The returning father manages to bond with his youngest son via football, which symbolically reflects how Germany’s success in the 1954 Word Cup helped the country to heal after the traumatic and troubling events of the first half of the 20th Century.
This often-nostalgic look at Germany’s past serves as a welcome antidote to other historical German films which focus on atrocities, as opposed to how Germans have dealt with these in their collective psyche.
Der Himmel über Berlin (Wings of Desire) – 1987
Wim Wenders’ romantic fantasy portrays a still-divided but soon to be unified Berlin. Two angels, Damiel and Cassiel, are responsible for the wellbeing of West Berlin’s residents and the film follows them and their relationship within human affairs.
Some have seen the film as a pre-emptive call for reunification; the film’s angels are not limited by the wall separating the city and Wenders emphasizes the verity of the universality of human experience, as well as the necessity for Germany as a whole to face up to its past.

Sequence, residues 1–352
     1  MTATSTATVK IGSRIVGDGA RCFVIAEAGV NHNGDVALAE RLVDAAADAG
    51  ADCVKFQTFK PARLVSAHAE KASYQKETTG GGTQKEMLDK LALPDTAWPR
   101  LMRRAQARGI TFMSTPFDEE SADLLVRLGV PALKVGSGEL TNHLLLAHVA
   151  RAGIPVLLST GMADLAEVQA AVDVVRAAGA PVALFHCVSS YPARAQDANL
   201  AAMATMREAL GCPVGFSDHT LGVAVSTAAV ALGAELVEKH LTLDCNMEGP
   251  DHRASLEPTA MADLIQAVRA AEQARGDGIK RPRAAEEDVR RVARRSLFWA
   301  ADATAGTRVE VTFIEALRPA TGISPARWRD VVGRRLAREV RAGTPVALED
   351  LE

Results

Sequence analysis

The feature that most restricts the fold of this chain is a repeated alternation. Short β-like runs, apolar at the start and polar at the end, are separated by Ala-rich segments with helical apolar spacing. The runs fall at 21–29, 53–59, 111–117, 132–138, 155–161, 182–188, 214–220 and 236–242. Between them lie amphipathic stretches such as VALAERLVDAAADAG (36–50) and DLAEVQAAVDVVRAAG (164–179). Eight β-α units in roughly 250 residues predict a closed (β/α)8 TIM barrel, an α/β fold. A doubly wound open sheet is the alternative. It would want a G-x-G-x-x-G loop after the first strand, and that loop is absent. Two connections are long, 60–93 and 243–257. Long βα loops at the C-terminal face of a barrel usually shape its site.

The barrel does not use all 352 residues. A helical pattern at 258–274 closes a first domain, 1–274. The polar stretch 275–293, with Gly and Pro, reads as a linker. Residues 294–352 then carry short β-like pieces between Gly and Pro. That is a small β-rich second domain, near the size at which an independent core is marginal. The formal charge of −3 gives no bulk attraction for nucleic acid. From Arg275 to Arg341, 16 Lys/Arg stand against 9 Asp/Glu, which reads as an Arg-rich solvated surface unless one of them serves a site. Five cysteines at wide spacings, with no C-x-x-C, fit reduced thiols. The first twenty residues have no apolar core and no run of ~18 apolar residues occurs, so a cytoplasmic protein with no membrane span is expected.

With stunning cinematography, this renowned film captures the essence of the city at a defining moment in its tumultuous history whilst emphasising the importance of individuals within the urban landscape.
Toni Erdmann – 2016
Seeking a German film that isn’t steeped in historical reference? Deemed a ‘comedy-drama,’ Toni Erdmann is about the relationship between father, Winfried, and daughter, Ines. Winfried goes to visit Ines in Bucharest, where she works and becomes entangled in her life there.
Allegedly based in part upon writer and director’s Maren Ade’s own parents’ penchant for comedy, Winfried has a comical ‘alter ego,’ the so-called 'Toni Erdmann', who provides most of the film’s comic relief.
A criticism of modern business models with frequently philosophical takes on life, this is a truly modern German film.